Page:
The Parentini Test Team are scattered far and wide, riding and testing all manner of Parentini kit in all manner of weather and settings. One of the team lives in the North East of England, where the beautiful and dramatic countryside can be a wild place for a cyclist to ride in Winter. Karl is an ex 1st cat roadman, so he’s an experienced rider, and knows good equipment when he sees it. He’s just recently taken delivery of a Mossa jacket. Here he gives us an account of a typical Northumbrian ride:
I awoke on the Sunday morning to howling winds and dark, angry skies. Even for January in the North of England it was rough. It was the kind of morning where depending on your level of dedication or insanity, you would either roll back over and go back to sleep, look forward to a lovely session on the turbo trainer or get plenty of layers on and head out into the wild. Or in my case due to my recent “semi retirement” status, head to the pub with the Sunday papers.
But no, this time I had arranged to meet some ride partners and I was itching to get a proper ride in again. Also, I wanted to try out the new Mossa jacket my good friend Ali at Zetta Distribution had been banging on about.
So, heading out into the cold, I chose to forgo the usual rigmarole of donning lots of heavy layers and went for a medium weight base layer (deciding against the thin, dedicated base layer that came with the Mossa, unsure that it would be warm enough in these conditions) and the Mossa, which I peeled on over bib shorts and winter tights. Heavy duty gloves and over shoes, followed by a Gillet stuffed in a back pocket for emergencies completed the look. This knocked 20 minutes off my usual winter ride prep time – handy as it took me about 20 minutes longer to reach our meeting point due to that bloody wind.
On arrival, I found we were already a man down due to mudguard issues, Paul would meet us at the café, so three became two, as Geoff turned up bang on time. No need to hang about, we quickly headed out into the encroaching darkness and a block headwind. The pace was brisk but not too silly, Geoff was just recovering from the flu and I was just recovering from too many days spent in the pub. But as we rode that block headwind got blockier, the rain started to fall heavily and the temperature dropped even more.
The last thing you need in these conditions is clothing that catches the wind just like Geoff’s Gabba jacket was doing. Now the Gabba is a good bit of kit, I owned two of them until recently, but found just like Geoff’s that they didn’t hug the body and sagged around the arms and chest areas. They also let in the rain eventually, due to the fabric not being 100% waterproof. My Mossa on the other hand, fitted like a second skin, it hugged the important arm and chest areas and, most importantly, 90 minutes into our ride my torso was still warm and dry. I’m told this is due to the waterproof, windproof, Windtech fabric from which the Mossa is made, its unique properties come from… blah, blah, blah… Whatever. I don’t really care about the science. I just want the thing to work, to have an Italian roundel on the arm, and it does just that.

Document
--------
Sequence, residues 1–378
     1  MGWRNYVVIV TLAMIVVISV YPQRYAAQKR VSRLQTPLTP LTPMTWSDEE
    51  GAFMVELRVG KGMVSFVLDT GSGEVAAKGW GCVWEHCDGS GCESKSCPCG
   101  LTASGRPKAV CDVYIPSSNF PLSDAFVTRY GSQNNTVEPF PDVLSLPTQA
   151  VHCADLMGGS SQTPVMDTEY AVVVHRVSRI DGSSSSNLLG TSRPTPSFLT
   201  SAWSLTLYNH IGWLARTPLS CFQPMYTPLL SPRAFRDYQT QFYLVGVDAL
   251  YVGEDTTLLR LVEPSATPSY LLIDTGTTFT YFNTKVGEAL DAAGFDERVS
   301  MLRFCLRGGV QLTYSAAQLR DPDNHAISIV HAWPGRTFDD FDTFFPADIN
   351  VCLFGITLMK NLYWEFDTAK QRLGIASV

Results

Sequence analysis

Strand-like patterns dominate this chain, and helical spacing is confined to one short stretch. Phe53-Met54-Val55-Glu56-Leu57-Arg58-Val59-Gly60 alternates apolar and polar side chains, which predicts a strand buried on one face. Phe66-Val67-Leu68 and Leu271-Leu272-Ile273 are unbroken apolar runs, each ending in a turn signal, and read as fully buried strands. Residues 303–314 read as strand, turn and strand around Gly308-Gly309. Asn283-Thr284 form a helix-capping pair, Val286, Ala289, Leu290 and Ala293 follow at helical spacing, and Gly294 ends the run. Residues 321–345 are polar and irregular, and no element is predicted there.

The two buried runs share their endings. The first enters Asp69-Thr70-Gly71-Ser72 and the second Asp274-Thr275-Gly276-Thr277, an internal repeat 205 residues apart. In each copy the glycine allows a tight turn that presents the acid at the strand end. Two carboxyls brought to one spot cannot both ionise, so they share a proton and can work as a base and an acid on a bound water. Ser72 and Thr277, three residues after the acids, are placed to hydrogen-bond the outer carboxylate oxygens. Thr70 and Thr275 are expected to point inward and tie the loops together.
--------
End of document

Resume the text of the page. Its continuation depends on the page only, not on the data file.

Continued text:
The same however could not be said for my gloves. Ninety minutes in and my extremities were starting to feel the chill. I have always struggled with cold hands and right now I could have done with a pair of mini hand shaped Mossa jackets.
We crested a ridge and were confronted by low cloud, snow on the hill tops and a wall of rain coming towards us. A knowing glance passed between us and we were soon on our way to a closer alternative café stop.
Once ensconced inside next to the fire, we were joined by Paul – his mudguard problems solved – and then by a constant stream of drenched, shivering cyclists, their many layers of clothing failing to protect them from the elements.
Half an hour passed quickly due to the craic, and refuelled and refreshed, we headed back out in to the wilds of Northumberland, this time as a trio. The ride home was more fun and faster, due to the massive tailwind, and I arrived home still warm and dry. All in all I was impressed by the Mossa. Guaranteed I only had 3 hours on the clock but it was a wild 3 hours and the Mossa easily out performed the Gabba, was more than a match for my much heavier duty Rapha winter jacket, and fitted much better.
Now I’ve got the taste for extreme winter riding again, you can expect to see that Italian roundel on the Northumberland lanes a lot more from now on. Beginning tomorrow in fact! And this time I will put my faith in that wafer thin base layer as well.